I can’t help but think of my beloved Sadie and Everett when I see this photo. From the outset, they are undeniably two parts of one being. Whether we know why or not — or even whether or not we know if there’s a Whythis is something you have to accept in some way, don’t you? Even if you love Cole. Even if you think there’s no way in hell they’ll end up together. Even if. Even if. There’s something about them, right? Fated? Or supposed to be?

And yet they can’t quite mix together. Not in the way you want them to. Not in the way that lets one melt into the other, lets one become the other. Instead, they coexist in this way that is as intimate as it can be. They press in on each other at every inch, and they cannot separate from one another. Not really. This seems a bit like a blessing, and a bit like a curse. Should they want to escape each other, how might they? And should they get tired of the endless friction, then what? And what is it that’s really keeping them apart? Me? I think it’s just what it is with these waters: they are two different entities, made up of different matter. Similar enough to touch, but unique at their very cores. And is that something they can ever overcome?

Yes, there’s a barrier. It’s invisible yet ever-present. It’s real but somehow ethereal. 

These waters will never mix. So will our fated couple?

under-radar-mag:

With their forthcoming new album Synthetica due out June 12, Metric have announced an extensive tour through North America and Europe. For those who like to get their tickets early, every stub purchased for a headling show will come with a download of the band’s lead single, “Youth Without Youth.” (via Metric Announce Tour | Under The Radar)

Metric’s new album is coming out the same day The Survivors: Point of Origin is. I’m going to pretend I’m so cool in the eyes of Metric types that that was planned. Mmhmm. A straight up collaboration.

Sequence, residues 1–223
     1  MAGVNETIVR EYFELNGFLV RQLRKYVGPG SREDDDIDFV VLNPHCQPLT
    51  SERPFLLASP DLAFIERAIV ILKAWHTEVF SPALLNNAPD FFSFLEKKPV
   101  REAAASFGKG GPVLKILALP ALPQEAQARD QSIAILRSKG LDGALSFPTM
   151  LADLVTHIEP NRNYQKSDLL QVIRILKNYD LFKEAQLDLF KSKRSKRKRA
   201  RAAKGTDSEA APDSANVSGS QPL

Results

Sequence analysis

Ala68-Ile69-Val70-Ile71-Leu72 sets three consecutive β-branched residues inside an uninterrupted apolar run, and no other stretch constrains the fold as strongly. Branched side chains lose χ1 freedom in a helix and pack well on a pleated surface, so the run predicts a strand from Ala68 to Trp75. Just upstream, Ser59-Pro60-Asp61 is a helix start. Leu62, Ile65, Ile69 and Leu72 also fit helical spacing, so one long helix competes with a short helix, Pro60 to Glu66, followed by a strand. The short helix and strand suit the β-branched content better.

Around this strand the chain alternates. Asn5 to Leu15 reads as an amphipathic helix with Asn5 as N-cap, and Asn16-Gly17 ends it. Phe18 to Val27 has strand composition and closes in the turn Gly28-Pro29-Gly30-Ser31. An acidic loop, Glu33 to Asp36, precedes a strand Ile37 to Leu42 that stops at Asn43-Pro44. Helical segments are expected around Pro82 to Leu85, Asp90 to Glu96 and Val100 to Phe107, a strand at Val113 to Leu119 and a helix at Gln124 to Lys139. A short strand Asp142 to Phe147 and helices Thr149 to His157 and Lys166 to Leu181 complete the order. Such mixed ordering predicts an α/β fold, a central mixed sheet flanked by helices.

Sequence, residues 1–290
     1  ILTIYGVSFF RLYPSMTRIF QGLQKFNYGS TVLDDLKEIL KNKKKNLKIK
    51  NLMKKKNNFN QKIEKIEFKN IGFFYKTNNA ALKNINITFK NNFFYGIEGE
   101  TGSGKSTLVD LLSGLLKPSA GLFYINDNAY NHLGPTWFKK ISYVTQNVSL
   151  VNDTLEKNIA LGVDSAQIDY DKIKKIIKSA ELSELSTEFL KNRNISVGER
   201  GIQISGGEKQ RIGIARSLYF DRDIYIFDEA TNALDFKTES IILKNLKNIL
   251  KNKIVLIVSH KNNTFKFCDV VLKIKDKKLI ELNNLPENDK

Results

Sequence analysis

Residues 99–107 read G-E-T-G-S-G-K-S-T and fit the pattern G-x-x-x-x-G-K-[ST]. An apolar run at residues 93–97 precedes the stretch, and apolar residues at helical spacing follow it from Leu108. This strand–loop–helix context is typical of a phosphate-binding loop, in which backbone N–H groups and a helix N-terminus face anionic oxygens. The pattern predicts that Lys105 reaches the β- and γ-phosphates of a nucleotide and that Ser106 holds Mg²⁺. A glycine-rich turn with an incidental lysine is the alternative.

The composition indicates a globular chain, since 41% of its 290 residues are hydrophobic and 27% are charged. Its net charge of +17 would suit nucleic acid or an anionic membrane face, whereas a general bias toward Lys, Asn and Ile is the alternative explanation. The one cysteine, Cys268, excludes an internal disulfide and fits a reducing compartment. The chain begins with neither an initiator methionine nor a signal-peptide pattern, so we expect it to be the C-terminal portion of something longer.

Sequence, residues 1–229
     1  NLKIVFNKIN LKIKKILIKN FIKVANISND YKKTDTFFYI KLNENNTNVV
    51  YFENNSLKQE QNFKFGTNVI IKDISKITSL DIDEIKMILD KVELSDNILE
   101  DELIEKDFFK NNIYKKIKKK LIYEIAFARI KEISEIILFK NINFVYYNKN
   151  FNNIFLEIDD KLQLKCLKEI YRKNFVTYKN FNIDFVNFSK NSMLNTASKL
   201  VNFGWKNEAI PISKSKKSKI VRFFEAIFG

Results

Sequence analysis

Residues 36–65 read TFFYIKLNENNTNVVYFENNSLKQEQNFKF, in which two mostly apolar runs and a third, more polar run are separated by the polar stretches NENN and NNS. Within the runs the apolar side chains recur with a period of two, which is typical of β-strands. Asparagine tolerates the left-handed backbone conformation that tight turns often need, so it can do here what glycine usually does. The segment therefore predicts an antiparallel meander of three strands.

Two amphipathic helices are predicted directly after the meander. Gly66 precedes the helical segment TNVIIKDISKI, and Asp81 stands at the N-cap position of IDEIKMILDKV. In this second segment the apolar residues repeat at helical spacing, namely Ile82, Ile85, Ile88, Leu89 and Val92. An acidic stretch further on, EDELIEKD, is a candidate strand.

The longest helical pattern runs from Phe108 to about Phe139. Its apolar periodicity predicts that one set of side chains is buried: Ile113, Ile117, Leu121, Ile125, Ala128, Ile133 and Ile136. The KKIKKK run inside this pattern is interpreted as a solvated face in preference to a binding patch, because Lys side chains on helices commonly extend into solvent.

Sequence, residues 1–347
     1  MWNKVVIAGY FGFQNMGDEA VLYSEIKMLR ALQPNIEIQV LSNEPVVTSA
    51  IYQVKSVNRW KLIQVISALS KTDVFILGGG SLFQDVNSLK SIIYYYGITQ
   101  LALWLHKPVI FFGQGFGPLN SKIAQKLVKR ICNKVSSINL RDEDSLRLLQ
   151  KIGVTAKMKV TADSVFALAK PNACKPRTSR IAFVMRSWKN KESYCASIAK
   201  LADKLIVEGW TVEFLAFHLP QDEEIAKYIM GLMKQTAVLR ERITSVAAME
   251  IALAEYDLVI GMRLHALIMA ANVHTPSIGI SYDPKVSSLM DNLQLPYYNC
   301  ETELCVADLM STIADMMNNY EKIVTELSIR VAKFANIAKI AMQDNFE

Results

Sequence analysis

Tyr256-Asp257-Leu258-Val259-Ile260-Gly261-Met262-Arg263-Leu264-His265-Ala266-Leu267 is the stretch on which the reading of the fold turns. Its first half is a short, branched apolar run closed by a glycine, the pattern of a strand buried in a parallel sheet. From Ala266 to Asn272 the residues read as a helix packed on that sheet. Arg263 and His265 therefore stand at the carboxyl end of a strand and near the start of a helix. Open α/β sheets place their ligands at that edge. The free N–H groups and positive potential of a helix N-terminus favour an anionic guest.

Or… I guess we can just spin it like: YO. There will be two totally awesome things coming out on June 12! Metric’s album and my book.
May 2, 2012 undertheradarmag.com

under-radar-mag:

With their forthcoming new album Synthetica due out June 12, Metric have announced an extensive tour through North America and Europe. For those who like to get their tickets early, every stub purchased for a headling show will come with a download of the band’s lead single, “Youth Without Youth.” (via Metric Announce Tour | Under The Radar)

Metric’s new album is coming out the same day The Survivors: Point of Origin is. I’m going to pretend I’m so cool in the eyes of Metric types that that was planned. Mmhmm. A straight up collaboration.

Or… I guess we can just spin it like: YO. There will be two totally awesome things coming out on June 12! Metric’s album and my book.

Under The Water by The Pretty Reckless from Hit Me Like A Man EP

The Pretty Reckless

Under The Water

The Pretty Reckless/ Under the water 

So very Sadie, circa book one, chapter 9.

Know what I mean?

(via dontfeedthegirls)

theatlantic:

Adulthood, Delayed: What Has the Recession Done to Millennials?

Generations are social constructs. There is no chemical or biological difference between Gen-Xers and Millennials, but we talk about them as if they were different species. That Gen-Xers grew up “independent” and Millennials grew up “entitled” aren’t anthropological observations. Rather, they’re marginally useful stereotypes. If it’s true that members of a certain age group have commonalities that they don’t fully share with older or younger groups, this isn’t the result of generational determinism. It’s just circumstance.